Official Thread: Activity One – Routing in Action!
When you make a request to another computer on the Internet, that request passes through a number of other computers on its way to the host. We can see this in action. How did you go with this activity? Were you surprised by the routes taken to reach different websites? And did you manage to find a website that wasn’t hosted in either the US or Australia? What might this exercise tell us about how we communicate on the Web, and how the Web works?
Like the other participants, I found many web sites that were hosted in the USA, UK and Australia. I noticed that the routes were always going through the United States in some way or another – I’m sure this has something to do with the origins of the Internet – the Americans don’t require a DNS in their URLs – it’s rare to see .us in an address.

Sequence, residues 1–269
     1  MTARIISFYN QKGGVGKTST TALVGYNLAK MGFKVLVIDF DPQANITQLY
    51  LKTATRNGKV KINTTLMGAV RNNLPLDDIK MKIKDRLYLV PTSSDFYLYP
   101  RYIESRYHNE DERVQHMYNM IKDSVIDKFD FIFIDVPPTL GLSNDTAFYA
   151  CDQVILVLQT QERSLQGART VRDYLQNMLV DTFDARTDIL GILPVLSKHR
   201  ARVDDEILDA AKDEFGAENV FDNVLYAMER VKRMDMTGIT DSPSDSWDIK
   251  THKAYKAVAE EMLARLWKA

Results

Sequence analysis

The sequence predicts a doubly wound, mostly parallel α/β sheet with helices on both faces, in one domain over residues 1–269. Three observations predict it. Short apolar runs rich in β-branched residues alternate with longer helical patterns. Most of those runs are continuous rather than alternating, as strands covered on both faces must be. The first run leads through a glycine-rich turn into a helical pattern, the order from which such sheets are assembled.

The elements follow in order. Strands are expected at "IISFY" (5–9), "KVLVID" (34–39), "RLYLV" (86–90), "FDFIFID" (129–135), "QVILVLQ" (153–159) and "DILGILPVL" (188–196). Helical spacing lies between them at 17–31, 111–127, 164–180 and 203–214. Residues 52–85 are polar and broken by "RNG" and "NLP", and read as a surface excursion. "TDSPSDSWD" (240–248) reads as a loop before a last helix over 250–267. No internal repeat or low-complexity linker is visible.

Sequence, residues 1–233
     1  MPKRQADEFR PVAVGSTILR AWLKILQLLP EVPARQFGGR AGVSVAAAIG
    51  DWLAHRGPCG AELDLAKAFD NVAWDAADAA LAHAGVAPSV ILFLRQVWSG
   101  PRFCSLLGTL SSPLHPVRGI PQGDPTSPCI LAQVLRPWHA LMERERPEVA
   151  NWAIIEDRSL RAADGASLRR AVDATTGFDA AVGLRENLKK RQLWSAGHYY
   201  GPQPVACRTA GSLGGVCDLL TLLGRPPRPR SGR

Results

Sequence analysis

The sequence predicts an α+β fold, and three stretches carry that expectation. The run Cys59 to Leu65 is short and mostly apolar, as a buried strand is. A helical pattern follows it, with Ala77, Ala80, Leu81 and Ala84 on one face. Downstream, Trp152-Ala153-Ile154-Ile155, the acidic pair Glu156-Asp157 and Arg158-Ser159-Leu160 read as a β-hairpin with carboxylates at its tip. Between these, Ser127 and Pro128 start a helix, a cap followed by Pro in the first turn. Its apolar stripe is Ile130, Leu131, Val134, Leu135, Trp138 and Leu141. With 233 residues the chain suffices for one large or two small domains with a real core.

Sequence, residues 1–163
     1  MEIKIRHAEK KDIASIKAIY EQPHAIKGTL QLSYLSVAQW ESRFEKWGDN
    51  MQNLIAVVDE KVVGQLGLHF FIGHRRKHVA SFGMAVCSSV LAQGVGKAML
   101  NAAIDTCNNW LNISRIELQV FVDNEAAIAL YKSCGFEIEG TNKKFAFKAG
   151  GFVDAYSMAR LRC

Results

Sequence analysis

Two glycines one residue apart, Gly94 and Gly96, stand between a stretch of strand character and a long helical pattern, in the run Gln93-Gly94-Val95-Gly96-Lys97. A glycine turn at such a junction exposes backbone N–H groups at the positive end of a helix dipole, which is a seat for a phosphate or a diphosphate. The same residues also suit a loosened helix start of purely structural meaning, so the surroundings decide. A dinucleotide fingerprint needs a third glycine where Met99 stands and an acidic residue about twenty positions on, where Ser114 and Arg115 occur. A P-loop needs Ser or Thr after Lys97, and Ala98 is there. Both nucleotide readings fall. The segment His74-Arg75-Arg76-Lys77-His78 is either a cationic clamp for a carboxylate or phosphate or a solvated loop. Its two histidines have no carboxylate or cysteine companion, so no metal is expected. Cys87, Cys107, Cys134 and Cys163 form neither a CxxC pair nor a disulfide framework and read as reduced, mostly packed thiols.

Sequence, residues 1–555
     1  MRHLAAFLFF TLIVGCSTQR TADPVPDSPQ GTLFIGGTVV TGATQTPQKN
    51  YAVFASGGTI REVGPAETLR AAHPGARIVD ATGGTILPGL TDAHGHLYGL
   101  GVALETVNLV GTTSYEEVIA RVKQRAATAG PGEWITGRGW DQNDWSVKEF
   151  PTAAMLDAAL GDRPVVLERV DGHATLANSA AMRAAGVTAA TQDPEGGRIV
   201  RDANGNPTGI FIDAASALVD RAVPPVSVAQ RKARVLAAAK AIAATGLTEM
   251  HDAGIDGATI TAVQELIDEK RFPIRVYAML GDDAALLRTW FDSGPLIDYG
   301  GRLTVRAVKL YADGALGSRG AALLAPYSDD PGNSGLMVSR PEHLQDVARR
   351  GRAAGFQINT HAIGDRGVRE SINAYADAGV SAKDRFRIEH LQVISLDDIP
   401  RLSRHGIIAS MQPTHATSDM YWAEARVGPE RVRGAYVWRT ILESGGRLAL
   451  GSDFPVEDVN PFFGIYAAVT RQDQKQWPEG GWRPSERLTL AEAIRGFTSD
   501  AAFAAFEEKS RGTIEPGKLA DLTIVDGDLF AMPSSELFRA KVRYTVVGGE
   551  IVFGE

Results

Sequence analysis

I also found that Qantas did 18 hops in 27.6 seconds, ending up in Western Europe – France, Switzerland? I did a Proxy search for the Eiffel Tower in France, and it took 25 hops in 10.1 seconds, ending in France. Quelle surprise!
Interesting to note Nicole Climie’s instances of two Chinese URLs that came up as invalid for her. Likewise, I experienced this with a North Korean chewing gum web site ( http://www.naenara.com.kp/en/ ) and Julian Assange’s Wikileaks site ( http://wikileaks.org/ ). These sites either do not want to be detected, or the governments of these countries do not readily share information with its people or the world. – that’s my assumption.
As for the routing, the web was initially designed to survive in the case of a war or nuclear holocaust – if one area or city of the world has been damaged, the information is re-routed via other means, to ensure that it gets to its intended destination.